Numerology is part of studying the Bible; there are certain numbers that have been assigned certain meanings.  Three, seven, six, twelve, eight, and forty are just a few numbers that most Christians will be able to give you as having an important significance in the Bible. Three is a “God” number for the three persons of the Trinity.  Seven represents completeness from the seven days of the week. Six is the number of man this comes from the fact that we were made on the sixth day and the number 666 from the Book of Revelation.  Twelve represents the government as shown by the twelve disciples and the number of the tribes of Israel (the sons of Jacob). Forty is the number of testing or trail as shown in the years spent by Israel in the wilderness and the length of days Jesus was tested after He received the Holy Spirit. Eight is the number of new beginnings given that the eighth day of Creation started a new week.  The number fourteen is also an interesting study if you would like to see mine you may click this address  A study of the number fifteen is available at Cleaning Up to Celebrate.

Unfortunately, people and Christians in particular start to focus on the number instead of the God of the numbers. So we get people with triskaidekaphobia which is the fear of the number thirteen. Beliefs about this number are varied and separating fact from fiction is impossible. Some early ideas on this number and its “significance” to bring bad luck are hinged on the assumption that there were only 13 people at the Last Supper and that Jesus died on a Friday the 13th. (World Book Encyclopedia)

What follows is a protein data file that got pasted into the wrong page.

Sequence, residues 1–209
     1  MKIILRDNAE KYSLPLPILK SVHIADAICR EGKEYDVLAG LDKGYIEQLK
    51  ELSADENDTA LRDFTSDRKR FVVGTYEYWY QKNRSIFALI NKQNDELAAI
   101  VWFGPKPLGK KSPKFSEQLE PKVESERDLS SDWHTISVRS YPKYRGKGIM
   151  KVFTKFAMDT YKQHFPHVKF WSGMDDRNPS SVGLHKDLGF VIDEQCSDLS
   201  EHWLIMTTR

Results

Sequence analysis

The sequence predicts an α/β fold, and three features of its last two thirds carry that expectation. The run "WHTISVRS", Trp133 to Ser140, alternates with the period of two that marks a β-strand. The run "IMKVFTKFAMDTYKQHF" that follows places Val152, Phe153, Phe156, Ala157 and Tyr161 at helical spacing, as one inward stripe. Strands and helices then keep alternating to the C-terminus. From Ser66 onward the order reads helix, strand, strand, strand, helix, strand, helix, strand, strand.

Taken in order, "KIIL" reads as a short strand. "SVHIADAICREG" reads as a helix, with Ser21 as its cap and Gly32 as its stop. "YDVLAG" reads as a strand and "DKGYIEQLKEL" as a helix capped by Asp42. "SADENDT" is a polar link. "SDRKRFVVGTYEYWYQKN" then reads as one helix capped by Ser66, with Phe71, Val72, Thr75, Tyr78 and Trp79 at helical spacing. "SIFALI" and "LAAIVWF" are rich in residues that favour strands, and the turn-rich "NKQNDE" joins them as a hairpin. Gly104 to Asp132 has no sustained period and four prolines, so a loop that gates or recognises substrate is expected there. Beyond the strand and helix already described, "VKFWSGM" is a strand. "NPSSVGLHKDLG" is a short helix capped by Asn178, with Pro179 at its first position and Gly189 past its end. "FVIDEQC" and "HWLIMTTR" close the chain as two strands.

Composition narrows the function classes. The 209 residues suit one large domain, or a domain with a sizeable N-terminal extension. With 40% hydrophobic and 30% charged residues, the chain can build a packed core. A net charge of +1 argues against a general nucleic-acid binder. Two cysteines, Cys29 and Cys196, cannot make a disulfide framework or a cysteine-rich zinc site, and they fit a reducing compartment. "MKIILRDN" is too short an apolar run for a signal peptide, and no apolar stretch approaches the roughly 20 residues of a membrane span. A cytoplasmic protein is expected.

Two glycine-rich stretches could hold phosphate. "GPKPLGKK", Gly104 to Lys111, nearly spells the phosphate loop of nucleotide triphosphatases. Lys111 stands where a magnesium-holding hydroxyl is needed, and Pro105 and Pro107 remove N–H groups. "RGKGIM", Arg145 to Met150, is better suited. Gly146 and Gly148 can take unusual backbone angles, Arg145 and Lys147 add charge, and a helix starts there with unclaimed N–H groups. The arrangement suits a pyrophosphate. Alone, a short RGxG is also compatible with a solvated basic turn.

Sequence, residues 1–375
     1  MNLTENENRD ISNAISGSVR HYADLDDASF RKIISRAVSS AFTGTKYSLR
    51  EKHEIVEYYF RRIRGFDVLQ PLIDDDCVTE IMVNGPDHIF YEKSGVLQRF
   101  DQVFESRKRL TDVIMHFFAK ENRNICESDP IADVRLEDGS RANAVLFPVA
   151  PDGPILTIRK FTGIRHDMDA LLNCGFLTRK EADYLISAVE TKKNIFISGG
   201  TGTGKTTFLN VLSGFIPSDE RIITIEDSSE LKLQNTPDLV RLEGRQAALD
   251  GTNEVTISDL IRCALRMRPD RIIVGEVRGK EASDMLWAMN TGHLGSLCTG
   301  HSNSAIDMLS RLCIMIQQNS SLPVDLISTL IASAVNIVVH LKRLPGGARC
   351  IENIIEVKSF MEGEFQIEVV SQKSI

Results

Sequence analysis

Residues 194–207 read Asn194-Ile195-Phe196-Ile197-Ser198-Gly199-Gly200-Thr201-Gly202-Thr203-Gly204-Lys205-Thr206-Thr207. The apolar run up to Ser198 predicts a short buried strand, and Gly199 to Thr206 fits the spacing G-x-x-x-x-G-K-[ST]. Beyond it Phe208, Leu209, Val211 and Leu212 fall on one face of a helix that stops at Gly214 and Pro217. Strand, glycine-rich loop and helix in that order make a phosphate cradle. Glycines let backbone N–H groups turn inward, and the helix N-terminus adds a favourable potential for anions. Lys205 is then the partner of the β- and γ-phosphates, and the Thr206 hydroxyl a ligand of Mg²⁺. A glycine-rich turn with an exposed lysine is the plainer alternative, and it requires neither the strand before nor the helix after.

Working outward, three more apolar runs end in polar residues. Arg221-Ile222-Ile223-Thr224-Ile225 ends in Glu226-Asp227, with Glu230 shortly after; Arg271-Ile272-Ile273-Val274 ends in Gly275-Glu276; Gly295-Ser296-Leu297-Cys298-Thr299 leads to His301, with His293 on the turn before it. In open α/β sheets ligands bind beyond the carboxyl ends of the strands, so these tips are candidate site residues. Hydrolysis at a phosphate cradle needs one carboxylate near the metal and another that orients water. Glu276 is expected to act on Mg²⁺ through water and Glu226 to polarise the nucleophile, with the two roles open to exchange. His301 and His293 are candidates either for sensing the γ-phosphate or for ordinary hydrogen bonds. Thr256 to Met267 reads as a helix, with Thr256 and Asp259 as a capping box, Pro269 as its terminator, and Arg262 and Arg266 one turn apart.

WHY I would like to offer a different look at the number 13 from a Biblical perspective. I already know that this does not fit into most numerological frameworks but I will ask you to follow through with my reasons and then you make up your mind.  I will show that a possible meaning for the number thirteen is the signal for the “start of or the beginning of something new.”  I am not trying to mix this with the number eight in any way.

Examples of Thirteen in the Bible These are a few of the instances that there are thirteen of something and each of these represents the “start of a new thing.”

1. In Genesis 17:25 Ishmael is circumcised at the age of thirteen which is when God made the promise to Abraham; this contrasts with Isaac being circumcised at eight days old.

2. 1 Kings 7:1 Solomon took 13 years to complete his palace.

3. Genesis 14: 4 Sodom rebelled after 13 years of servitude to Chedorlaomer king of Elam (Babylon) and Abraham rescued Lot.  This brought on Melchizedek’s blessing and Abraham’s covenant with God.

4. Esther 3: 12 Haman had orders written on the 13th day of the first month about the 13th day of last month to kill all Jews.  They have to defend themselves and so put an end to the threats of Haman the Agagite, who is an Amalekite, and a new time of freedom for the Jews.

5. Jeremiah starts his ministry in the 13th year of Josiah (Jeremiah 1:2).  Josiah had started purifying the land in his 12th year of being a king.  Jeremiah may have been 13 years old when his ministry started.  The term for his age shows a child up to the age of becoming a young man.

6. Joseph was 17 years old when he was taken as a slave. He was 30 when Pharaoh put him in charge of Egypt (13 years). Genesis 37:2 to 41:46.

7. The Children of Israel went around Jericho 13 times before they yelled and the walls fell down.

There are many more “13’s” in the Bible but I hope you get my point about it showing a “new start.”

My personal feeling about thirteen/Friday the 13 and other lucky things is summed up in this: It is bad luck to be superstitious!  ← (This is another post in my blog.)

So I look at it this way.

 Number 13

graphic by Ryan Johanningmeier